Yes, it's working! Sorry then, next time I'm going to update before asking

Thanks!

Marie

Statistics: Posted by mdelacre — Fri Jul 19, 2019 12:33 pm

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i feel like using a square root with non-parametric data is problematic. so with parametric data, there's some mathematical foundation for using squares, and summing them, but i think that's all possible because we know that two is twice one, etc.

but with non-parametric data, we don't know that two isn't ten times one, or a hundred times one, so i don't feel like taking square roots would be a correct approach ... (but you're possibly getting the impression that i only grasp this stuff intuitively). i probably need ravi to chime in.

could you point us to an article which explains it?

with thanks

jonathon

Statistics: Posted by jonathon — Fri Jul 19, 2019 2:03 am

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i think we found and fixed that issue a while ago. update to the latest version and let us know if it's still a problem.

sorry for the inconvenience!

jonathon

Statistics: Posted by jonathon — Fri Jul 19, 2019 1:58 am

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I don't know if it's a bug or if I'm doing anything wrong but I've tried many things and I could never display the results. When I uncheck the DSCF pairwise comparisons, everything's fine. I use the 1.0.1.0 version. If ever it is useful, I'm attaching the .omv file.

Thanks a lot for your help.

Marie

Statistics: Posted by mdelacre — Thu Jul 18, 2019 6:24 pm

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I have a query about the choice of effect size for running Mann-Whitney or Wilcoxon Signed Ranks analyses - both default to reporting Cohen's d (presumably as they are sub-options in the t-test analyses). However, I was always taught to use r - as in 'Z / sqrt #data points' in the instance of these non-parametric equivalents and this is what we've previously taught students to use when running SPSS.

Is it possible to have this calculated instead of or as well as Cohen's d when selecting the non-parametric option?

Cheers - and keep up the good work!

Statistics: Posted by Bobafett — Thu Jul 18, 2019 12:58 pm

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you *probably* don't want years as your dependent variable. depending on your research question, you probably want the number of trucks sold to be your dependent variable, and year and colour to be your explanatory variables.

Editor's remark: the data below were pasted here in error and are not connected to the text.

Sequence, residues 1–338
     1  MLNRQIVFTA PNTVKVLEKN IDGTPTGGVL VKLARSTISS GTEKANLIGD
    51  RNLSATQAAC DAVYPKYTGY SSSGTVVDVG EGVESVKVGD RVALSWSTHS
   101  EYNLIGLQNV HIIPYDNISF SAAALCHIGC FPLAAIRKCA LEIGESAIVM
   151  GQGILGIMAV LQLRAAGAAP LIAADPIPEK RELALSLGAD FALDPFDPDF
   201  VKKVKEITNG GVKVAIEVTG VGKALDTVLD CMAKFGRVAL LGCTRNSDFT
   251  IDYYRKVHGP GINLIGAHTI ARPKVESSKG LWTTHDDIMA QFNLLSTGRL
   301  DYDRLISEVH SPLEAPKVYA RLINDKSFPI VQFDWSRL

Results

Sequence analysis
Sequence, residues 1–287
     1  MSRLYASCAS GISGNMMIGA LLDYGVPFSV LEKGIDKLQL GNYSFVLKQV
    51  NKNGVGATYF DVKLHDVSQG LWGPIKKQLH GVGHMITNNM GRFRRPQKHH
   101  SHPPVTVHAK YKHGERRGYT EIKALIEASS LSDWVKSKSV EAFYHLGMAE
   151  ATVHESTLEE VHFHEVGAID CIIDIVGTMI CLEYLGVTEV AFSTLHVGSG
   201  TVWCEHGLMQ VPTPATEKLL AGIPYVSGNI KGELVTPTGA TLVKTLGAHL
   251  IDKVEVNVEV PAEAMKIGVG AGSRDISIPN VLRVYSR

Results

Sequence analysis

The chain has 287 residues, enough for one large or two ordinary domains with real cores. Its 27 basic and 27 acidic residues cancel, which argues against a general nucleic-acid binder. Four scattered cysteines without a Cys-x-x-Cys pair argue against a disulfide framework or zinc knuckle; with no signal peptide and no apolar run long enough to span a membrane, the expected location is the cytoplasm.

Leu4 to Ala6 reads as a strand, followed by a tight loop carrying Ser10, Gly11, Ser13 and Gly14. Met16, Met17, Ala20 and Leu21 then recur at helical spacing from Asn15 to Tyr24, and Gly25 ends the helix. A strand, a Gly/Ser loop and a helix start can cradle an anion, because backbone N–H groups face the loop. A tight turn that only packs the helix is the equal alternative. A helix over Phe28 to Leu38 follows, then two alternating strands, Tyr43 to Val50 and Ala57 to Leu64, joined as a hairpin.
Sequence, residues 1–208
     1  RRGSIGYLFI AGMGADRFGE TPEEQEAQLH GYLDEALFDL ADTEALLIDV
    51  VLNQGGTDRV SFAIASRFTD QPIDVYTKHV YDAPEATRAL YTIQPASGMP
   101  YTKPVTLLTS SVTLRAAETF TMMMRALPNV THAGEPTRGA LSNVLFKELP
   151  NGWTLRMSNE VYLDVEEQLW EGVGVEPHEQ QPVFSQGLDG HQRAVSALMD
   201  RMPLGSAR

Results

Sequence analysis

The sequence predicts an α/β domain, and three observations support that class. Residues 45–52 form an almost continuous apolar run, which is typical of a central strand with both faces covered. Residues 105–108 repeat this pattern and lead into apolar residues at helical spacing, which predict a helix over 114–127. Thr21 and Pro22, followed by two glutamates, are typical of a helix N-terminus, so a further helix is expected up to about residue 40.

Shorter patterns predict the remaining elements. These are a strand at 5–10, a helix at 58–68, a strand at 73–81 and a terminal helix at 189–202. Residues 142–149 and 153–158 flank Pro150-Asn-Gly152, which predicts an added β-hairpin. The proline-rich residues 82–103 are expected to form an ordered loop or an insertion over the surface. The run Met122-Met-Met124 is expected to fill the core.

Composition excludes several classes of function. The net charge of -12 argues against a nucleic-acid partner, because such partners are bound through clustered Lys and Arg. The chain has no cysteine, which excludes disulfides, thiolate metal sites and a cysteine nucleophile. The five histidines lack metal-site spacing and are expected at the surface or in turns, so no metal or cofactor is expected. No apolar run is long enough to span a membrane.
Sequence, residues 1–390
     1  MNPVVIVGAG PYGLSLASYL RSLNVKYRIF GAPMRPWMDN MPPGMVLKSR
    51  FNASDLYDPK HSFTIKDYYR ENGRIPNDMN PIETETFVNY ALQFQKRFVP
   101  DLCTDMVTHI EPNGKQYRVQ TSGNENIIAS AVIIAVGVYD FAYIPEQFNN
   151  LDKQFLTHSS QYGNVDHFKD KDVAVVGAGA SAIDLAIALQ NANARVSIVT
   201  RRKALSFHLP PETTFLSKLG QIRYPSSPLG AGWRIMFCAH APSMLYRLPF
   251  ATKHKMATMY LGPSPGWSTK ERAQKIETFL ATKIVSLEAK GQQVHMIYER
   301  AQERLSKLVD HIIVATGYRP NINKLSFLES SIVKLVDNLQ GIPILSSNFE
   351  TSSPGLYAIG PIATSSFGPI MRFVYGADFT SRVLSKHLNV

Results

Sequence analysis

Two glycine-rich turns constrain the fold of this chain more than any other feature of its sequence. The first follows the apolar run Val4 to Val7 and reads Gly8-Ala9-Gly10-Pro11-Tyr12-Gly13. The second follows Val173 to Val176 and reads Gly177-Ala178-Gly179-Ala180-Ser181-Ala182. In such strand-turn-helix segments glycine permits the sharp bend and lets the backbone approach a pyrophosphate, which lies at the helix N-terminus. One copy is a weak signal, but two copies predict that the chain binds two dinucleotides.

this is probably a candidate for contingency tables, rather than linear regression.

cheers

jonathon

Statistics: Posted by jonathon — Wed Jul 17, 2019 12:35 am

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i think we're mostly opposed to stepwise regression - we don't really find it to be a principled approach, and think model selection using things like BIC, AIC, etc. is a better approach. so it's not something we've implemented (although, its certainly something which could be provided by a module).

wrt semi-partial correlations, i'm not crystal clear on that, so i'll leave that for ravi to chime in.

cheers

jonathon

Statistics: Posted by jonathon — Mon Jul 15, 2019 1:37 am

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Or perhaps, is there a way to generate the semi-partial correlations in Jamovi?

Thank you.

Statistics: Posted by marshall — Sat Jul 13, 2019 10:47 am

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Statistics: Posted by mcfanda@gmail.com — Tue Jul 09, 2019 1:20 pm

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Statistics: Posted by mcfanda@gmail.com — Tue Jul 09, 2019 1:12 pm

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Statistics: Posted by mcfanda@gmail.com — Tue Jul 09, 2019 1:10 pm

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i don't think this is possible in jamovi at this time.

i know marcello's been thinking of implementing this.

cheers

jonathon

Statistics: Posted by jonathon — Tue Jul 09, 2019 12:50 am

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Statistics: Posted by pennefather — Mon Jul 08, 2019 9:32 pm

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